The House of Tatterdemalion

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Is the horse dead yet?

February 2nd, 2007 by tatterdemalion

Having recently read a bit about Poiret, I was quite familiar with the subjects mentioned in yesterdays (Feb. 1, 2007) WSJ, in the article “The Shape of Clothes to Come” (in the “Personal Journal” section). By the absurdities of the fashion cycle, designers are getting ready to show their products for Fall 2007, next week. To quote the article,

Among the big looks for fall: the egg-like “cocoon,” a silhouette fitted at the top and ballooning out before tapering back in at the knee or below it. The style, while difficult for some women to wear, emerged in fashion the 1910s in French designer Paul Poiret’s collections and was popularized by Balenciaga in the 1950s.

You’d think it was bad enough doing it once, but twice? Wouldn’t someone mention the emperor has no clothes? Not likely.

“If people are going to be paying so much for clothes, they want something special, sophisticated,” says Valerie Steele, fashion historian at the Fashion Institute of Technology in New York. “This implies a kind of connisseurship. Women wo are literate about the history of fashion are going to go, ‘Oh, this piece is Poiret or Balaenciaga channeled by this contemporary designer.'”

True, true. But whatever happened to learning from our mistakes? Does it matter who did it first, as long as we know enough not to do it again? Some people are even making faulty arguments for the cocoon shape.

For some of us, coccons can be forgiving. “If you have large hips, it camouflages it a bit,” says designer Carmen Marc Valvo, who will show several cocoon-shaped coats and cocktail dresses at his show Feb. 9. . .

Or, perhaps, emphasize what’s already there?

. . .”If you’re skinny, well, everything looks good on you because you’re skinny.”

That has got to be one of the worst arguments I’ve ever heard. Never minding the realitive “goodness” of being skinny, I think it really is overdoing to claim that skininess has magical purifying properties. Look, if a beautiful person comes along and finds a dead, rotting, maggot infested road-kill carcess on the side of the road, and decides to wear it as fashion accessory, does that make the stinking, filthy, rotting piece of animal look beautiful? Or does it simply look like the beautiful person is wearing something gag-inducing?

Amy Gamber, a 41-year-old personal shopper and bartender, says she is eager to try out the new cocoon silhoutte. “I would like for us to look more like grown-ups again,” says Ms. Gamber, who lives in Austin, Texas. “When you’re 41, there’s only so much babydoll you can go without looking really silly.”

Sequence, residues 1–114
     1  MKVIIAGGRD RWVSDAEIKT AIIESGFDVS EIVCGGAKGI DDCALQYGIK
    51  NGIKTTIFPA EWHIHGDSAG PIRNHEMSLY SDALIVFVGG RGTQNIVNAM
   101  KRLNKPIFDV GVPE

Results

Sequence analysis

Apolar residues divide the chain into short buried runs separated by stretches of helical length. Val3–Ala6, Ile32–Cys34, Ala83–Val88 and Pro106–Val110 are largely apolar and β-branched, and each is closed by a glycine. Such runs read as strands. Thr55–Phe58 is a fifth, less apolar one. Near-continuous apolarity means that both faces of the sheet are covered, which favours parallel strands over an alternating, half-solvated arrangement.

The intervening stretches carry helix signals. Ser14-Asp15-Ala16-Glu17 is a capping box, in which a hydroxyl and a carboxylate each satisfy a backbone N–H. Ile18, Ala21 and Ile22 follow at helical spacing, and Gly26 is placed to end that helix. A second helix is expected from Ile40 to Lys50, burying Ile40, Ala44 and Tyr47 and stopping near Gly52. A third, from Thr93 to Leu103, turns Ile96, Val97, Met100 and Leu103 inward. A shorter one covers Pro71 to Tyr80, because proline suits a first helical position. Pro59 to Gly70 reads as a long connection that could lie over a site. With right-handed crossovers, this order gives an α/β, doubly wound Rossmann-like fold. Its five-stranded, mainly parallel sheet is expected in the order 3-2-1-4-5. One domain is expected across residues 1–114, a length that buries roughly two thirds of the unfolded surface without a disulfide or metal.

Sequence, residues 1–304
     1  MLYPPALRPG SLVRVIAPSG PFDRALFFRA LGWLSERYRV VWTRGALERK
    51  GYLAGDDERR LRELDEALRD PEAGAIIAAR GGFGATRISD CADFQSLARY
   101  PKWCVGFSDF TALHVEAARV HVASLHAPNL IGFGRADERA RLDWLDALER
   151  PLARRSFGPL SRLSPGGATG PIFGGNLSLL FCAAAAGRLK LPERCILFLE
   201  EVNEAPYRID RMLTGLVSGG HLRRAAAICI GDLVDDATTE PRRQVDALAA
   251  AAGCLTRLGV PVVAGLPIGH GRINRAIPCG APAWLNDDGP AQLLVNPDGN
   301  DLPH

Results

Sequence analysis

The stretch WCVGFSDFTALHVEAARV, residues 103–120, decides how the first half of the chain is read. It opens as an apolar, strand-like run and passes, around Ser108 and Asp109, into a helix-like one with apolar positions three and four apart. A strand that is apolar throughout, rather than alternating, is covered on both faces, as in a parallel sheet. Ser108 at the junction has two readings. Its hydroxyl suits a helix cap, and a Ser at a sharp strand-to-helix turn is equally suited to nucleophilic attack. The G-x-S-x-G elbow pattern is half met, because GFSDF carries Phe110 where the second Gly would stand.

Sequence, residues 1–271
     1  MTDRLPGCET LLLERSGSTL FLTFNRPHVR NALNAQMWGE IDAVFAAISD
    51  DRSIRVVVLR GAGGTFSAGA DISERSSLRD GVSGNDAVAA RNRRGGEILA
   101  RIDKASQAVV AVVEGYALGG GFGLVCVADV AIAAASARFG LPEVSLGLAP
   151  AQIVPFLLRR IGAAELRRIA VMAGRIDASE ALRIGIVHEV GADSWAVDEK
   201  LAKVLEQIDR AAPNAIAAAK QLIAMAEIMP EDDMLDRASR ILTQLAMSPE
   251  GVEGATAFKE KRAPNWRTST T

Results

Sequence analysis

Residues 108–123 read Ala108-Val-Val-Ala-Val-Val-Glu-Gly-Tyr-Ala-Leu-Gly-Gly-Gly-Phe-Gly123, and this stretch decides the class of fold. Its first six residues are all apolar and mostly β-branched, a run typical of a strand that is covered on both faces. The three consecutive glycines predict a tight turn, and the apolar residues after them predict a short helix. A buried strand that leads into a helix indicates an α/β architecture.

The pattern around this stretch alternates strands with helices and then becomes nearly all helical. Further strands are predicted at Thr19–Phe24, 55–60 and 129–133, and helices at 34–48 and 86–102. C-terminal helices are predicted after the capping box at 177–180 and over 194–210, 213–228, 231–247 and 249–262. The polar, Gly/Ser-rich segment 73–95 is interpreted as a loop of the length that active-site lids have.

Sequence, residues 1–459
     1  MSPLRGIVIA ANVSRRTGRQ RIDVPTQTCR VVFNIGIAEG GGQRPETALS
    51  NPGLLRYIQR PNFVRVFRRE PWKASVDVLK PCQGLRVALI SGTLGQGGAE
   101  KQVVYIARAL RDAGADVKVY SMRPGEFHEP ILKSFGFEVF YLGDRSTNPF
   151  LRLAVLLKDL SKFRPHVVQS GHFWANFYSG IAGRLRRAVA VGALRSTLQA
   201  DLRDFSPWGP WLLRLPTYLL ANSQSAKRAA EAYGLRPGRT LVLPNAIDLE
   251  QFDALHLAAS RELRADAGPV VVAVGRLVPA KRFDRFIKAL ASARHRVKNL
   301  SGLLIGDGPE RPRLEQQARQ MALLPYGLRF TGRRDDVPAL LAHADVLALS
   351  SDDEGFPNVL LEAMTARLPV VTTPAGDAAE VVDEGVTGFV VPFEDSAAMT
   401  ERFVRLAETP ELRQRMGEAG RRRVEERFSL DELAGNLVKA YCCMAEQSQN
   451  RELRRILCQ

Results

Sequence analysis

I am sorry to say that I don’t think the cocoon silhoutte will be saving anyone from looking silly, despite other opinions to the contrary.

“There’s a certain strictness in the structure that cause the wearer to walk with a certain pride and elegance, he [Phillip Lim, designer offering the shape] says.

That would be a very delicate way of putting it. I suppose, in this case, “strictness of structure” means “limb-binding” and “walking with a certain pride and elegance” means “not much walking at all”. Poiret was more blunt and to the point when he said he hobbled women everywhere.

Although I’m thouroughly disgusted at the return of this shape, I do doubt (hope?) the RTW (ready-to-wear) variations will wind up being very constricting. The common people can’t spend much time walking with pride and elegance. As the article notes,

. . .others warn that silhouettes that are too extreme could be a hard sell. . .It remains to be seen whether American women will embrace the cocoon.

Posted in Articles, Fashion, Poiret, WSJ | No Comments »

Picky About Poiret

December 30th, 2006 by tatterdemalion

This is a continuation on my mini-series on the book “The Secrets of the Couturiers” by Frances Kennet. (All quotes and page numbers are referencing this book.) I include the same disclaimer as previous, that, in the large picture, this book is quite brief. I leave room for adjusting my opinions as a learn more from other sources, but this piece is written solely on the information gleaned from this book.